Thu September 1, 2011
Top Morning Stories September 1, 2011
UT Study Ranks it 2nd in Efficiency
A new study says UT Austin is tied with the University of Illinois for second in the nation when it comes to the most efficient public universities. The study was done by an associate dean in UT's College of Liberal Arts.
The study compared how much money universities get in tuition and state funding with how good their graduation rates are, as well as how many professors they have. The University of Florida was ranked number one in efficiency.
The study does say there is room for improvement at UT, especially in its four year graduation rates. Just 53 percent of UT students graduate within four years. KUT's political reporting partner, The Texas Tribune, has posted a copy of the full report.
Chime in on Proposed Electricity Rate Increases
Austin Energy is holding a public hearing today on proposed rate increases. The average customer could see their monthly bills increase $10-20 as soon as January. Austin Energy says it’s been seventeen years since it last raised its base rate charged to everyone. Some people say the new rates would most adversely affect low-income customers. Tonight’s meeting starts at six at Austin Energy's headquarters on Barton Springs Road.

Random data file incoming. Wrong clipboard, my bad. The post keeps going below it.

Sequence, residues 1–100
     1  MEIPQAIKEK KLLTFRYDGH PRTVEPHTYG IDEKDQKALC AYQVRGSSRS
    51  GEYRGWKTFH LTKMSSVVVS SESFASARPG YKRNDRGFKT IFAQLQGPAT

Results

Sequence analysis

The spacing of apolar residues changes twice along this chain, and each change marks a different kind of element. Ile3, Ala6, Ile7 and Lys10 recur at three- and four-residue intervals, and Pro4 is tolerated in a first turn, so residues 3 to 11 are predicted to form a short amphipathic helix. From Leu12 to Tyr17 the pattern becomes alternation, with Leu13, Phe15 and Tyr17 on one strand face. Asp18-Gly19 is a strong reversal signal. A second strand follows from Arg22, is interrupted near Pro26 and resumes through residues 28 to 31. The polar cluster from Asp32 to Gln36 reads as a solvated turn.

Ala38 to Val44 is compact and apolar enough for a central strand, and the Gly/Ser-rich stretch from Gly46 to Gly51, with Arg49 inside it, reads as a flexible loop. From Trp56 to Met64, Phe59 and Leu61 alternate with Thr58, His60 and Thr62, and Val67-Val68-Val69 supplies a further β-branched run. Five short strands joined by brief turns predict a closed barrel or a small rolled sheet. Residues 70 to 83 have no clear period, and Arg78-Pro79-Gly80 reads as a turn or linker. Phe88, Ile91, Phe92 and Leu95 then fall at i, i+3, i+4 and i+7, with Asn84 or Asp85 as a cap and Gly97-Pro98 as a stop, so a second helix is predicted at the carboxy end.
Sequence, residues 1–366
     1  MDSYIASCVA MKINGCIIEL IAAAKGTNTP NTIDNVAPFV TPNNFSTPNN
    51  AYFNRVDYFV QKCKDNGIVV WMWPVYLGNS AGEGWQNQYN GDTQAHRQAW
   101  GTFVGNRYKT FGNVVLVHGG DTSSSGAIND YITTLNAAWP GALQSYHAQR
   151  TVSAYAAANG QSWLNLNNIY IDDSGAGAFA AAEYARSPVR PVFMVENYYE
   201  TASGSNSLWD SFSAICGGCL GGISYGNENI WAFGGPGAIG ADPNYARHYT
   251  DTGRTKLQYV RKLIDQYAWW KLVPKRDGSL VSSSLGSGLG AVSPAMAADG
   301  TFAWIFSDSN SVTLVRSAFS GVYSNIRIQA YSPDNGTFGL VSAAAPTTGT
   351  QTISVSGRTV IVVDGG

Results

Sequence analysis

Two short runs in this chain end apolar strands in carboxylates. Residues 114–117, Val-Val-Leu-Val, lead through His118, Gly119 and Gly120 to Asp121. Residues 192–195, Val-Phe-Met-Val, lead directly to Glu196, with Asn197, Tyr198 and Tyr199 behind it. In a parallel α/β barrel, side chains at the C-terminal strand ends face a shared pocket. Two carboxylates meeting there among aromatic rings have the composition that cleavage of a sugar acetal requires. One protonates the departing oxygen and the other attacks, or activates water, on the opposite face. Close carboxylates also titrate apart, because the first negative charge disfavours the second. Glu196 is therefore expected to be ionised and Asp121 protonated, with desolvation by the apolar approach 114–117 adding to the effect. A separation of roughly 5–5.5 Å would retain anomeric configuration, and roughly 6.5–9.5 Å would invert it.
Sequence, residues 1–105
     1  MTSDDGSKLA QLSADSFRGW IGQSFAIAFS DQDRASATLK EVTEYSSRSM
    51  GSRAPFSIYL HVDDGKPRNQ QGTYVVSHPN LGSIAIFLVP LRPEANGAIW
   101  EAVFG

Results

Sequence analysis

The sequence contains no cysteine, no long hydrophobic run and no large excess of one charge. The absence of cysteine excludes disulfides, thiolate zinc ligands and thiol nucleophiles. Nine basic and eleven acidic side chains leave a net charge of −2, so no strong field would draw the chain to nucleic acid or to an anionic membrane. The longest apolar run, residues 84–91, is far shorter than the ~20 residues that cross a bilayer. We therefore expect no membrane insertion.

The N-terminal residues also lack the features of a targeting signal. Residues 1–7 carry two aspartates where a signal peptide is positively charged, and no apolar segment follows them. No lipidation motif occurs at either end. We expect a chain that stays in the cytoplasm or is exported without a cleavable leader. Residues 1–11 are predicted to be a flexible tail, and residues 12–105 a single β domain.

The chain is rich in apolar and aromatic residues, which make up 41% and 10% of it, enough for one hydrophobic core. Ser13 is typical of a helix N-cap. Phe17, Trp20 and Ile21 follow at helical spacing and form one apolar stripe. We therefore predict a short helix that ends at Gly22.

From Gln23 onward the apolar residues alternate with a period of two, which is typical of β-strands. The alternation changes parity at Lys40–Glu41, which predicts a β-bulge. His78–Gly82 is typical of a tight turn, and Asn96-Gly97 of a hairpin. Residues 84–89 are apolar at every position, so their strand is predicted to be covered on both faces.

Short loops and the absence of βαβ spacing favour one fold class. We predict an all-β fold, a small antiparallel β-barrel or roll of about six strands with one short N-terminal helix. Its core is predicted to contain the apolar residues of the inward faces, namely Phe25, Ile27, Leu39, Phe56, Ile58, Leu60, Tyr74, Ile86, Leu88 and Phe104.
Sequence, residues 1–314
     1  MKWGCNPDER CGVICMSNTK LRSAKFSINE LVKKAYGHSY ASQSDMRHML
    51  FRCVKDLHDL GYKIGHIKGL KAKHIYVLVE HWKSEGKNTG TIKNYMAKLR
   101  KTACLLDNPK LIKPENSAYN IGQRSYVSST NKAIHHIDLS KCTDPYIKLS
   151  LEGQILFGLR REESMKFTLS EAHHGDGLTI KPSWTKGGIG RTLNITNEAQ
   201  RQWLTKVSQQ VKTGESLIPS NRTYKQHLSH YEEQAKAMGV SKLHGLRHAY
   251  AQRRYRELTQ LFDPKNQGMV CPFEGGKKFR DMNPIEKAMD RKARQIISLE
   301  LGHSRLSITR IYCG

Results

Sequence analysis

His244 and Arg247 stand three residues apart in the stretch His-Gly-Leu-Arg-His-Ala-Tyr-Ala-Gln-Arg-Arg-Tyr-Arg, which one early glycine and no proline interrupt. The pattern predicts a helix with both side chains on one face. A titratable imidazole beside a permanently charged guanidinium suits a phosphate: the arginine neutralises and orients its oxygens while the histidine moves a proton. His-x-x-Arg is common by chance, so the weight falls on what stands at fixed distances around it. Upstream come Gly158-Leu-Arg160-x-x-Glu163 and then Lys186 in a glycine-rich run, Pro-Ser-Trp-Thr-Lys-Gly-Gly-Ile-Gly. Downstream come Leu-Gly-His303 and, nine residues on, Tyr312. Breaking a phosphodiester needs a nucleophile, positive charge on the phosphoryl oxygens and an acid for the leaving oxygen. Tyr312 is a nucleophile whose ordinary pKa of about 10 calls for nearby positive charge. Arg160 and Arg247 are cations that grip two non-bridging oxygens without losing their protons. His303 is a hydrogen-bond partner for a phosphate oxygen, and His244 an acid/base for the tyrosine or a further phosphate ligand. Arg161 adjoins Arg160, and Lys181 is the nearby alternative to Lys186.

Voter ID Law Taking Effect
Many new state laws go into effect in Texas starting today. One of them is the controversial Voter ID law. Texans will be required to show a photo ID before casting a ballot at the polls. That won’t be required until 2012 but several outreach efforts will start soon. Acceptable IDs include drivers’ licenses, personal ID cards, military IDs, passports, and concealed handgun licenses. The DPS is also creating a new “election identification certificate," which will be issued free of charge for registered voters who don’t have other forms of photo ID.
Highway Speed Limits Changing
Drivers take note- speed limits on highways are now the same during the day and night, and trucks no longer have to drive at a separate speed limit. A new state law also allows the Texas Department of Transportation to raise maximum speed limits on some highways from 70 to 75 miles per hour. Changes will only be made in certain areas if TxDOT finds that increasing the limit would be “reasonable and safe.” A TxDOT news release explains what happens next:
"We will be removing the existing nighttime speed limit signs, truck speed limit signs, and evaluating approximately 50,000 miles of state highway with a current 70-mile hour speed limit," said CarolRawson, TxDOT Director of Traffic Operations. "With these contracts in place, we are moving steadily ahead to implement these new laws. However, it is important to remember that any increases to speed limits are not effective until the new speed limit signs are actually installed."